How the future occurs

How the future occurs

There has been the widely shared feeling in pandemic circumstance of having too much time and not enough, and to feel this almost in the same moment. This has been experienced in an overwhelming way in the last few weeks when the course teaching that structured much of my time for most of 2020 gave way to just bits and pieces of teaching, bits and pieces of supervision sessions, and relatively few of them. How to settle to anything in the chasm between these things? Deadlines certainly help, as time passes and the certainty of dates comes hurtling into the immediate future. This happened last week when the deadline for registering for the British Sociological Association conference was close and then arrived, and with the deadline for providing a recorded presentation not far behind it. The irony is that the presentation is concerned with theorising the future. Its focus is my setting up a kind of conversation between John Urry in his extremely interesting What is the Future? and Olive Schreiner in a number of letters which spell out her analysis of forwards and backwards movements in the social order of progressive and retrogressive kinds. As always, reading her most powerful letters sends a shudder down the spine because of the cogency of her analysis of likely futures. Read, for example, her letter of 11 August 1912 to John X Merriman.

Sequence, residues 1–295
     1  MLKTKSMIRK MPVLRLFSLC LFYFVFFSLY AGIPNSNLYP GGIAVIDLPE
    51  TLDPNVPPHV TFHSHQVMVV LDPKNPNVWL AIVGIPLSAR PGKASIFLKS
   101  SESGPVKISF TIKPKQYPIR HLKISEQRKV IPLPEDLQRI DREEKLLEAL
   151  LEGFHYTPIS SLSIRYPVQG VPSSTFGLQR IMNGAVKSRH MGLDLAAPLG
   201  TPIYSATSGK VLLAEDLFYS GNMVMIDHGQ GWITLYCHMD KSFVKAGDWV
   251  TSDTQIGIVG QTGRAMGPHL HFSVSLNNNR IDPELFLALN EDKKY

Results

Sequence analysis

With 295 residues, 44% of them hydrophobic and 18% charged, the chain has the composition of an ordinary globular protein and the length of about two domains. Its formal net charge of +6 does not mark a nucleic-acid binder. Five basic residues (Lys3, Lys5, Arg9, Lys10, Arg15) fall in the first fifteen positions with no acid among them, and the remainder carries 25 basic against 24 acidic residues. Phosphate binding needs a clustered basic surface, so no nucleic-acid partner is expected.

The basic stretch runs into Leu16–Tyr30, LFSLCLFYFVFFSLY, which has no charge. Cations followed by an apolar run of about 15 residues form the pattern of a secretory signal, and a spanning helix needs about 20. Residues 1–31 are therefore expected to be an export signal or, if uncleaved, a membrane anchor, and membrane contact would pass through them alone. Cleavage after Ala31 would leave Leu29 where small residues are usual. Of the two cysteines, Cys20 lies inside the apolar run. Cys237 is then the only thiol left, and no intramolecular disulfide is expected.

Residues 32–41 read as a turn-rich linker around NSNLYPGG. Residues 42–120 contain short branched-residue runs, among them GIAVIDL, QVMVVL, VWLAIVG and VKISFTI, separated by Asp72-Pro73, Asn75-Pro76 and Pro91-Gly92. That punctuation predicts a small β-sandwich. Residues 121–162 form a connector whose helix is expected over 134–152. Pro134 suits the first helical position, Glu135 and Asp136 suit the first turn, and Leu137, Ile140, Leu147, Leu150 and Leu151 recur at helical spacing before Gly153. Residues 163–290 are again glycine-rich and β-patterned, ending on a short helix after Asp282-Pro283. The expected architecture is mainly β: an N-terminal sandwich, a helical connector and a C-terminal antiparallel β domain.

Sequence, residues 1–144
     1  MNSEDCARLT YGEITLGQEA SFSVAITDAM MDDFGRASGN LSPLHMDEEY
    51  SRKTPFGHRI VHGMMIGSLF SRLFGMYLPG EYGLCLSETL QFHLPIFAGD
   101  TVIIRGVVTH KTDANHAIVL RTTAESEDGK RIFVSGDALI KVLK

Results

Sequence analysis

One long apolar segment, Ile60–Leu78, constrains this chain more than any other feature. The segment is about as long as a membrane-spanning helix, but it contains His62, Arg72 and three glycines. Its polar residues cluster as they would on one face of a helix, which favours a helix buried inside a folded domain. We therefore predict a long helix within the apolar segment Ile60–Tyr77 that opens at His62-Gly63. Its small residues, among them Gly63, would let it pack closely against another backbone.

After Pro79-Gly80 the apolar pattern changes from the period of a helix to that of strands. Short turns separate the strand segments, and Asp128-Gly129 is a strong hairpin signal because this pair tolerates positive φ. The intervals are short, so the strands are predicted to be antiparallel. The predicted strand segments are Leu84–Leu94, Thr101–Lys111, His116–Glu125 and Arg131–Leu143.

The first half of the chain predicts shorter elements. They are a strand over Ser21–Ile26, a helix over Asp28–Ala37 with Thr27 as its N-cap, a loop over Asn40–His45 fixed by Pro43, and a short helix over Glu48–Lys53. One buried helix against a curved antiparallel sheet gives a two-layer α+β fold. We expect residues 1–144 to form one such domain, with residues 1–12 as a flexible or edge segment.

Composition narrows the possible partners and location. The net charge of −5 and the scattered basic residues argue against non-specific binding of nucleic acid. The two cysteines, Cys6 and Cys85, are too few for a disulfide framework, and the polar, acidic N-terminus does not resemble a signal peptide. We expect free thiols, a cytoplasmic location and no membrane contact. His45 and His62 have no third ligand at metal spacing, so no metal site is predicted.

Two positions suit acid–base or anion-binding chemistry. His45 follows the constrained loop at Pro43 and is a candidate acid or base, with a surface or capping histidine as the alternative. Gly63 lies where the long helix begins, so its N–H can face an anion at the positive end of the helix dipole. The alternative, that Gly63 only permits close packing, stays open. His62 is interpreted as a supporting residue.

Last updated:  18 February 2021


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